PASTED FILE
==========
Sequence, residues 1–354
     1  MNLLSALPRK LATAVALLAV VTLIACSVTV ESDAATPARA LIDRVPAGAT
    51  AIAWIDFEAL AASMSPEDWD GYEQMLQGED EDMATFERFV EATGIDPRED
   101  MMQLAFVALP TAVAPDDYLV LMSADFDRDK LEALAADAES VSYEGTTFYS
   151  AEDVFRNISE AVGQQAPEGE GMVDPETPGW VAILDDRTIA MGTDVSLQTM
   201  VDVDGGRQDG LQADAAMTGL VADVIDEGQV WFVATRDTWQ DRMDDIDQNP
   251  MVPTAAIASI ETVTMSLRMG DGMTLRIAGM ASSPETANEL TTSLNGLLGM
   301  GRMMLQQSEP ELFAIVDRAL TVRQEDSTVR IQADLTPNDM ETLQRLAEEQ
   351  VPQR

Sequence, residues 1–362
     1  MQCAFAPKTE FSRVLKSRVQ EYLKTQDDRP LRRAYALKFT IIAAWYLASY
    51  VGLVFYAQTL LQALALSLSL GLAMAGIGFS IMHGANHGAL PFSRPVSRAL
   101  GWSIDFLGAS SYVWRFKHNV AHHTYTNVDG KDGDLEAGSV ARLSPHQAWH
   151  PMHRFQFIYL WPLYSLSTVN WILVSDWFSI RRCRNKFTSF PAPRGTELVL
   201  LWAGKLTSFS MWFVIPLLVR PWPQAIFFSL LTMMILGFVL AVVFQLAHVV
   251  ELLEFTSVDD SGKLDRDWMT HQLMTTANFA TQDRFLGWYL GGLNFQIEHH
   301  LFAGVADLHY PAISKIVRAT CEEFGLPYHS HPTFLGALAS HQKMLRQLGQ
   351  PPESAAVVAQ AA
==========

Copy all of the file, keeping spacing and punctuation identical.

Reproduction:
Sequence, residues 1–354
     1  MNLLSALPRK LATAVALLAV VTLIACSVTV ESDAATPARA LIDRVPAGAT
    51  AIAWIDFEAL AASMSPEDWD GYEQMLQGED EDMATFERFV EATGIDPRED
   101  MMQLAFVALP TAVAPDDYLV LMSADFDRDK LEALAADAES VSYEGTTFYS
   151  AEDVFRNISE AVGQQAPEGE GMVDPETPGW VAILDDRTIA MGTDVSLQTM
   201  VDVDGGRQDG LQADAAMTGL VADVIDEGQV WFVATRDTWQ DRMDDIDQNP
   251  MVPTAAIASI ETVTMSLRMG DGMTLRIAGM ASSPETANEL TTSLNGLLGM
   301  GRMMLQQSEP ELFAIVDRAL TVRQEDSTVR IQADLTPNDM ETLQRLAEEQ
   351  VPQR

Sequence, residues 1–362
     1  MQCAFAPKTE FSRVLKSRVQ EYLKTQDDRP LRRAYALKFT IIAAWYLASY
    51  VGLVFYAQTL LQALALSLSL GLAMAGIGFS IMHGANHGAL PFSRPVSRAL
   101  GWSIDFLGAS SYVWRFKHNV AHHTYTNVDG KDGDLEAGSV ARLSPHQAWH
   151  PMHRFQFIYL WPLYSLSTVN WILVSDWFSI RRCRNKFTSF PAPRGTELVL
   201  LWAGKLTSFS MWFVIPLLVR PWPQAIFFSL LTMMILGFVL AVVFQLAHVV
   251  ELLEFTSVDD SGKLDRDWMT HQLMTTANFA TQDRFLGWYL GGLNFQIEHH
   301  LFAGVADLHY PAISKIVRAT CEEFGLPYHS HPTFLGALAS HQKMLRQLGQ
   351  PPESAAVVAQ AA